2007 Notes on ‘Progressive Labour’ – Part Two

Below are some notes I drafted in in the weeks after the 2007 election, as an analysis of the PLP’s decade of power.

At the time I was a member of the PLP, and involved with the youth wing and on the Central Committee.

A Decade of Power

When considering the outcomes in socio-economic terms that the past decade has seen, and the cost, in terms of widespread popular passivity and cynicism, along with growing skepticism and renewed resistance, I see no strong reasons to alter my perceptions of the new PLP hegemony.

The two elections since the 1998 victory have seen little of the passion for change that swept the PLP to victory.

Bermudian democracy, as seen in the passive 2003 and 2007 elections, has failed to deepen the movement for human liberation.  Rather, we have seen our democracy become a ‘disillusioned’ democracy, not unlike those seen elsewhere.

To a degree, then, the 1998 election saw the ‘normalisation’ of our democracy in terms of liberal conceptions of democracy, but it also saw a betrayal of the desire for popular democracy.

The Political Landscape

Although the continued existence of the relic UBP still retards the development of new, critical, oppositional voices, in spite of this new voices are beginning to be heard.

The rich in Bermuda continue to get richer and the poor continue to get poorer.  It is clear that the PLP is pushing a neo-liberal capitalist agenda, co-opting Black wannabes into the charmed circles of the ruling elite.

A decade of PLP hegemony has enabled some Black Bermudians to profit immeasurably while simultaneously failing to alter the economic structure that disempowers the majority of the population.

This in itself is not surprising in retrospect (or even before) in that the dominant faction of the PLP was – and continues – to be a Black middle-class, along with an aristocracy of labour bureaucrats.  Their political aspirations were, and are, limited to the first stage of revolution, of expanded liberal democracy, and not substantial radical change.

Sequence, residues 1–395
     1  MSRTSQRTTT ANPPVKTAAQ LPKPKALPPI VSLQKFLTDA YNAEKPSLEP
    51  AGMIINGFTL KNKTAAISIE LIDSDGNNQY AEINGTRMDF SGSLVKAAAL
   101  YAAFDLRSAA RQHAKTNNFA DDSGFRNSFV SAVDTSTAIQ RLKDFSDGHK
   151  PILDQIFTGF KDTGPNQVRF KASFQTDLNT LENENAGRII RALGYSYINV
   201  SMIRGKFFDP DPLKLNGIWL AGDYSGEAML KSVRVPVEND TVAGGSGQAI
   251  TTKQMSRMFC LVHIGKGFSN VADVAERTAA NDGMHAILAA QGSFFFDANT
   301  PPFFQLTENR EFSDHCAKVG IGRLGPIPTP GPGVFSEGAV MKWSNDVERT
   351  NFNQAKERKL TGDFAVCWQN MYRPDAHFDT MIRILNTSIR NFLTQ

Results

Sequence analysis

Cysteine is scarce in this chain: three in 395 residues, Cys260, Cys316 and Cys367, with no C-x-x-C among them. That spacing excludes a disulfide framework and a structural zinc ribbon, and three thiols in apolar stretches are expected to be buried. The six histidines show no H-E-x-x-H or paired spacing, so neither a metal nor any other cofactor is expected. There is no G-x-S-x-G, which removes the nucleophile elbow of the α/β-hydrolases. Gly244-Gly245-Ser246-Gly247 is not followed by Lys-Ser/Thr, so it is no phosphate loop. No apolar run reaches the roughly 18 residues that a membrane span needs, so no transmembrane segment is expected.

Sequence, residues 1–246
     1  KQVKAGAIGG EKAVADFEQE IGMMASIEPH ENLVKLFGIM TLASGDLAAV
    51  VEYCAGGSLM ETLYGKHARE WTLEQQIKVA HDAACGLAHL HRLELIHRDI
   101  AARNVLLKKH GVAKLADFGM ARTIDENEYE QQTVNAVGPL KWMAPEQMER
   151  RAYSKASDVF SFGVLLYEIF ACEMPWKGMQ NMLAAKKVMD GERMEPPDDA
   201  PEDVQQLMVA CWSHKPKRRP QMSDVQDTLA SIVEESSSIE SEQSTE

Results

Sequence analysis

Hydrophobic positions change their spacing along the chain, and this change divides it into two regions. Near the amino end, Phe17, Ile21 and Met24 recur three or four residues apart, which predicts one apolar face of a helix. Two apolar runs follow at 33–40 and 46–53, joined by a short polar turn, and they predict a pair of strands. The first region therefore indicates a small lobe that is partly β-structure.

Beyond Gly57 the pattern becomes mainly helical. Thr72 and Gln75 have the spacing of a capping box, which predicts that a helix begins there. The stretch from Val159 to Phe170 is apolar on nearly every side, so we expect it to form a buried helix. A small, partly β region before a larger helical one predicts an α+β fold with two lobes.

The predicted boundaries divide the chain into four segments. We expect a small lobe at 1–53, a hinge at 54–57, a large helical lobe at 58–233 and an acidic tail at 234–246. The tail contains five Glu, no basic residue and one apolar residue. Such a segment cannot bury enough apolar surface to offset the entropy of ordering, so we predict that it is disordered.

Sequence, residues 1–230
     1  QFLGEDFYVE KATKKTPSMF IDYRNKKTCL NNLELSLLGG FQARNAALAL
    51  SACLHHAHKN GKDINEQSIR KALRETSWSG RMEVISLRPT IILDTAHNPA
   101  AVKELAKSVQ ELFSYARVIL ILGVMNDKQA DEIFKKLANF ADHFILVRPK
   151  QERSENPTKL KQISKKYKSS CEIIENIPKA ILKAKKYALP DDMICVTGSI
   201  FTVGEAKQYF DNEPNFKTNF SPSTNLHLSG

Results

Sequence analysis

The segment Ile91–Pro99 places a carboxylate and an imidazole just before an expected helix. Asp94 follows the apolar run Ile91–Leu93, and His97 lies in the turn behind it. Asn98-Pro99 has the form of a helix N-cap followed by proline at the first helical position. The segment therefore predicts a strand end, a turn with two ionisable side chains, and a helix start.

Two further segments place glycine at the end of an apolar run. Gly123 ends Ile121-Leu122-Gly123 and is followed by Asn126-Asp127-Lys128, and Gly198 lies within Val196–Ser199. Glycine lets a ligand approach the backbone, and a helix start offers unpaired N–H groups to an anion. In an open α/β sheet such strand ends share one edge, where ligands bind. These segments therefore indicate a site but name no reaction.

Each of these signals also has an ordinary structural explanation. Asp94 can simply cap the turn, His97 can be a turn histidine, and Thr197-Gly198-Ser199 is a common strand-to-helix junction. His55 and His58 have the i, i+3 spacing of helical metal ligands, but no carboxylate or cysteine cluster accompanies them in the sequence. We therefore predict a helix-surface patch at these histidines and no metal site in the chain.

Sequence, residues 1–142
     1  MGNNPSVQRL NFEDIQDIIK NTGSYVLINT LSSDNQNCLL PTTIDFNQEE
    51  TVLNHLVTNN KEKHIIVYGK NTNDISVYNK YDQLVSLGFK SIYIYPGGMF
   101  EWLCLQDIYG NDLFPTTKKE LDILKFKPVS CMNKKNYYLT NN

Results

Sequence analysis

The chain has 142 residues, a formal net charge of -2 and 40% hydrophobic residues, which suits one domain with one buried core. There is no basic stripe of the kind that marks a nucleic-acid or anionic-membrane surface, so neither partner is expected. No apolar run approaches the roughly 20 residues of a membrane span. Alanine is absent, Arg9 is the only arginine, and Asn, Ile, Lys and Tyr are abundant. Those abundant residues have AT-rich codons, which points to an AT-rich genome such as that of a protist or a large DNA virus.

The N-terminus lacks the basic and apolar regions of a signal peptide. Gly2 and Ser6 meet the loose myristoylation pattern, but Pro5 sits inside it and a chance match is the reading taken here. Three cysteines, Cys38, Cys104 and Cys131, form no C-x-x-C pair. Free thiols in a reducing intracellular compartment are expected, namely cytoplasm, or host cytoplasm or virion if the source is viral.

Despite the PLP’s decade of failure, there remains many workers who still believe in the PLP as both their liberator and guarantor of a better life now and in the future.

What are the prospects?  One would predict an increasing demoralisation of the PLP base with the continued PLP failure to meet their aspirations of a progressive and labour party.  While the UBP remains moribund it leaves the PLP subject to a slow decline, where the UBP may benefit (if it does not decay further and instead maintains its current, albeit limited, support) more by default than active victory.

That is, the PLP risks a passive decline and sleepwalking away from power.  At what rate this will be realised is hard to answer, being subject to multiple external and internal factors.

What does seem clear now though is that the probability of radical change from within the PLP is unlikely without a significant event.  And even then it would depend on the balance of forces and the rate of ideological decay within the party to determine whether such an event would really lead to anything beyond a cosmetic change.

Despite the internal euphoria from the recent election result, the decline is evident and, all things remaining equal, terminal, even if the tempo is unclear.

It is increasingly unlikely that the radical resurgence can be initiated from within.  The options remaining then are continue within on a doomed path, forge a new direction outside (with the hope of articulating and inspiring change within from outside) or opting out altogether.

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